nytheatre.com review by Thomas Bradshaw
August 12, 2006
Big Doolie is a play about a supposedly corrupt sports agent Marthy Futch (Edward James Hyland) who turns out to have a heart of gold. In the end, he decides to give up a big contract so that he can attempt to save another client from imminent danger. The basic plot is that Futch is attempting to sign more lucrative clients while trying not to completely turn his back on the clients that he's had for years. Two of his old clients are Beef (Tim Artz), an injured football player with bad knees, and Jack Mungo (Evan Thompson), an old sportscaster whose television station is trying to push him out of the business. Futch has also hired an apprentice named Bird Dog (David Christopher Wells) who proceeds to steal money and clients from him. Most of the play consists of long conversations between these characters.
The play is described as a "Pitch Black Comedy." A more accurate description might be a light comedy with a semi-tragic ending. In the opening scene Beef has a gun pointed at Futch, who casually talks on the phone ignoring Beef's presence. This immediately sucks any sense of danger out of the play and sets it up as a kind of farce instead of the pitch black comedy that it's meant to be. When Futch does acknowledge Beef's presence, it is to ask him to come back in a couple of hours when he might have some time to talk.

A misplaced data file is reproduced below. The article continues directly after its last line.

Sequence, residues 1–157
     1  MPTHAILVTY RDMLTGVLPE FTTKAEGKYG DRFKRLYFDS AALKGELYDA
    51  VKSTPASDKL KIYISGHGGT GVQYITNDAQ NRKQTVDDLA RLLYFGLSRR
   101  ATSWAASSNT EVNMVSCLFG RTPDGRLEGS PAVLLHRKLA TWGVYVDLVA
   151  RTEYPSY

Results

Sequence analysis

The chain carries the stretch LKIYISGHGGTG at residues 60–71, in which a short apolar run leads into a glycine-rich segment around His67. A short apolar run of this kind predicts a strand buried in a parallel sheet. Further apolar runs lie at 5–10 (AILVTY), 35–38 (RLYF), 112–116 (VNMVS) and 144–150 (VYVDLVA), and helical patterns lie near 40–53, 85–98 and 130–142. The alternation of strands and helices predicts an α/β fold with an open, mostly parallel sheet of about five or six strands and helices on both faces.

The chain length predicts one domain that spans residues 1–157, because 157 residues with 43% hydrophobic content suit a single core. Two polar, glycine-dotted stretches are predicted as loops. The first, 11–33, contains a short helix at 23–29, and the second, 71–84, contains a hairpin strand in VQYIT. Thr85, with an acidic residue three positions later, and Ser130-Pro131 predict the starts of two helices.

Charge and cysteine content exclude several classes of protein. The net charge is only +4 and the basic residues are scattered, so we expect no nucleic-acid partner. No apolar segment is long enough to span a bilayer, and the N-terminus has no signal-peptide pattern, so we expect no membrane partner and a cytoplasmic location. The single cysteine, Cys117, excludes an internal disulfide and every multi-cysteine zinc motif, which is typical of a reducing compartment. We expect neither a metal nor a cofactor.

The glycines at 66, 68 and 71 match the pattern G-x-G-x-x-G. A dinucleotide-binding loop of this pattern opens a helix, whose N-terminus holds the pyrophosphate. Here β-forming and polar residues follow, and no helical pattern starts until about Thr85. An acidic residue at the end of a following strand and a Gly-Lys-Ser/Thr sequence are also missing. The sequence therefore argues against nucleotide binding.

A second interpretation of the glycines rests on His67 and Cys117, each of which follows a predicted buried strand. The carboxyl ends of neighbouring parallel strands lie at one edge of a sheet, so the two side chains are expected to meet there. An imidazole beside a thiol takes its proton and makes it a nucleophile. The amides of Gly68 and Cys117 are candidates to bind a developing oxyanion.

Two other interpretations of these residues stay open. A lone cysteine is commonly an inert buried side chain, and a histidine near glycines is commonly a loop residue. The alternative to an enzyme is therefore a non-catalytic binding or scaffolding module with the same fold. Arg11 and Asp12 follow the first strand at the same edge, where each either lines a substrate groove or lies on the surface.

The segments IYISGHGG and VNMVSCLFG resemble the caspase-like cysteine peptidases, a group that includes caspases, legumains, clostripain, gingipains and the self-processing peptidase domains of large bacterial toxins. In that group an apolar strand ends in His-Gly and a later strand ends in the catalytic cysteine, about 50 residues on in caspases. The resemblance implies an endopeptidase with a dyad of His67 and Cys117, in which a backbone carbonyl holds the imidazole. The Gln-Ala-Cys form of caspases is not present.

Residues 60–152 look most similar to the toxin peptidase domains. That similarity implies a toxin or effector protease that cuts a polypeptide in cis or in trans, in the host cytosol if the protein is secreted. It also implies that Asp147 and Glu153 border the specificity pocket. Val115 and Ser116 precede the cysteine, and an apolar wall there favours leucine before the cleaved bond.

Playwright Richard Thompson is not a bad writer. There are some genuinely funny moments that pop out, but the scenes are all too long. The play runs 2:05 with no intermission. The play might have been effective at 1:15. Part of the problem is that it's hard to get fully invested in the characters. Perhaps this is because I'm not a sports fan, but I just didn't find the story to be particularly intriguing. One nice surprise is that Bird Dog turns out to be very duplicitous.
Even though the play is very long, it's fairly well structured, and every member of the cast delivers an excellent performance. The costume designer Steven Cozzi also did great job.
I think Big Doolie is attempting to show the gritty underside of the sports world, but it seemed more like a very long sitcom. Perhaps the show's blurb should be changed to reflect this reality.